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  • Writer's pictureMatt Kramer

Job Hunting Season: An Opportunity of a Lifetime or a Gateway to Getting Fired.



5 Signs The Job is a Career Minefield:


1. The AD is forever interviewing for head coaching positions in the key sports. (Do the research)

~An AD who fires like Dirty Harry is likely to tell you one thing today and something very different the first time your program confronts a little adversity. Listen to him or her when you interview. It will be in his language. If it feels like he is blaming all of the programs struggles on the former coach, he will be blaming you in about 18 months. If you here this, and you still really want the opportunity, make sure there is enough talent in the upper classes RIGHT NOW to impact the record at the varsity level. If there's not, keep hunting!


2. High administrative turnover rate.

~The people who hire you are the only ones who have any stake in you. If you know the AD, principal, etc, are highly likely to be gone in a year or two, you're playing Russian roulette with your career by accepting the job.


3. Lack of essential facilities---like a locker room area.

~No locker room means there was absolutely no culture under the previous head coach. In and of itself, this isn't a deal breaker. But I'd strongly urge any candidate to ask if building a locker room would be possible, and anything short of a resounding "yes" would be a deal breaker. It's very tough to build culture--I'd say impossible--without a place the players and staff can call home.


4. Too many "experts" in the interview.

~If there's more than 4 people in the interview, there's no way they will all agree on the hire--especially if every one of them reveals a different opinion about what needs to be addressed to "fix" the program.


5. Very poor sub-varsity teams, grades 8-9-JV.

~In today's climate, you're getting 3 years tops to show progress; 2 is more likely. So, I'd say it's probably even more important that the sophomores and freshmen have a reasonable level of talent because two bad years means you're highly unlikely to get a third. Research this vigilantly!


Looking forward to seeing comments, additions to the list, and anything else that goes along with the job hunting season from The 98% Club!

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4 Comments


johnswetye
Apr 18, 2023

You're right, again! Also, I asked about having a designated locker room for the team. They nixed the idea. Another red flag that it was the wrong job.

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Matt Kramer
Matt Kramer
Apr 18, 2023
Replying to

I talked about the importance of a locker room last night on a podcast with "A Pen and a Napkin". Every administration says they want a coach / leader to set a positive culture, to build relationships with players that go beyond the hardwood, and mentor them. That really can't happen, not really, without a team room that is sacred ground for the players and coaches.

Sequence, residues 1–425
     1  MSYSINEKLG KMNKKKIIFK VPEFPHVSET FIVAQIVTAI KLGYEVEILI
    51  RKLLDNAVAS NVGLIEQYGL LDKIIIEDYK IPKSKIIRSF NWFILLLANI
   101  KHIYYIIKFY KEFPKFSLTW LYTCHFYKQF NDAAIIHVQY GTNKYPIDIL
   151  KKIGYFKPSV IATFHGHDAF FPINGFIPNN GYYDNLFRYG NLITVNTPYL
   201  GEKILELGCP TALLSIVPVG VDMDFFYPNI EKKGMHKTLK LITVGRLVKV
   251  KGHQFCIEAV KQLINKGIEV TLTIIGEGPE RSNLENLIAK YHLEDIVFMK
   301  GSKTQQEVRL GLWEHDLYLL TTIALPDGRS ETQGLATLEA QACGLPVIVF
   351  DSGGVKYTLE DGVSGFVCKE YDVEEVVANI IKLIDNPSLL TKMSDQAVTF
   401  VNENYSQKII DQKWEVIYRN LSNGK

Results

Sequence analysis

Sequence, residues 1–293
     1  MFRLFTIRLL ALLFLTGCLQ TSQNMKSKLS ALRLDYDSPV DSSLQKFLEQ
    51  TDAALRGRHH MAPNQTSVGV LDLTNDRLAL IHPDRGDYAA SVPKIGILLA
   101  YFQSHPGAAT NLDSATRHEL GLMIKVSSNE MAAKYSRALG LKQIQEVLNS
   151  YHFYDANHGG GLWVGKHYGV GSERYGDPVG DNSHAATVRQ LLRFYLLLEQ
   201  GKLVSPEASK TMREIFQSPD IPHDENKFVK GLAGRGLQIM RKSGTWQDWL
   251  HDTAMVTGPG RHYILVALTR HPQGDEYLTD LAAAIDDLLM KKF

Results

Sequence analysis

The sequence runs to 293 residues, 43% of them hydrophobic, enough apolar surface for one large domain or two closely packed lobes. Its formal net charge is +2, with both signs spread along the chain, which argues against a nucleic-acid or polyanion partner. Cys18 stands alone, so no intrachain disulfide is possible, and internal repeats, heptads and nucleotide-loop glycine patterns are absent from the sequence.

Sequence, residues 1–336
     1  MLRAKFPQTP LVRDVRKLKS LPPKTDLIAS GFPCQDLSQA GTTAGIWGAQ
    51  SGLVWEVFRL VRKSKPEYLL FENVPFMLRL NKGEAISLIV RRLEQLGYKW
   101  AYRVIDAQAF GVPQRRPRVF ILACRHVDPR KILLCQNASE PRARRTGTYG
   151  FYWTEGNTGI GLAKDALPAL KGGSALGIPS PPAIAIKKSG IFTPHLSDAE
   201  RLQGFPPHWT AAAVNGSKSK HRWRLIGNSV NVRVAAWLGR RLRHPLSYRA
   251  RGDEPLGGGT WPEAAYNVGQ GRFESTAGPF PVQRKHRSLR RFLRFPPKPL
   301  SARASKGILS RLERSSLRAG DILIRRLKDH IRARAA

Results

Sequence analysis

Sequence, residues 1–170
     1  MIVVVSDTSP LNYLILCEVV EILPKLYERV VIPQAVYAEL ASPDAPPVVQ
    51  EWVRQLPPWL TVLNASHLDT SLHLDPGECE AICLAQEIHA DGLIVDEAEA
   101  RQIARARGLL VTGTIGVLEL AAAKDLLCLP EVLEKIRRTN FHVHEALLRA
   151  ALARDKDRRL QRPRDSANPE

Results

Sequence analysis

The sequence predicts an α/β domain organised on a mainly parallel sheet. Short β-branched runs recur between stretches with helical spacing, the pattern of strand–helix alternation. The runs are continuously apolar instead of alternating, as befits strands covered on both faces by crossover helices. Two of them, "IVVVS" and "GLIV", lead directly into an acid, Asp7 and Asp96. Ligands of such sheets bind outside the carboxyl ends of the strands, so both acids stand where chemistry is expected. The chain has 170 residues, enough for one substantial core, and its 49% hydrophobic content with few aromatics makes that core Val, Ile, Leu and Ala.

When I took the job at Milton in Georgia, that program had won two state titles in 4 years and finished runner up the other two. It had been a nationally ranked program loaded with high major college players. (Of course the fact that it was a public school in a town that h…


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johnswetye
Mar 28, 2023

Excellent points! I interviewed for a job 2 seasons ago. There were three or four people interviewing me -- the AD, one or two other administrators, and the captain of the team. Items 3, 4, and 5 from your list applied. Not certain of the first two. During the interview I presented a lot of the ideas from your first book and kept a lot of those tips in mind. I felt like I had the job and nailed every question they threw at me. But then the AD ghosted me after the interview, even though I knew the he was very interested in what I was saying during the interview. I waited a few weeks and followed up …

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Matt Kramer
Matt Kramer
Mar 29, 2023
Replying to

These are all very interesting points, and you have actually kind of given an example of what I mean. There were too many different parties represented in that room. On the surface, having a player in the interview might seem like a good idea, but we are talking about a 16, 17, 18 year old kid here. I don't care how "special" a kid we are talking about, "kid" is still the operative word. And I don't believe any kid is ready to make a decision that will one way or the other affect a generation of student-athletes at a school.


Case in point, the wrong choice was made; a coach was hired who either quit or was fired a…


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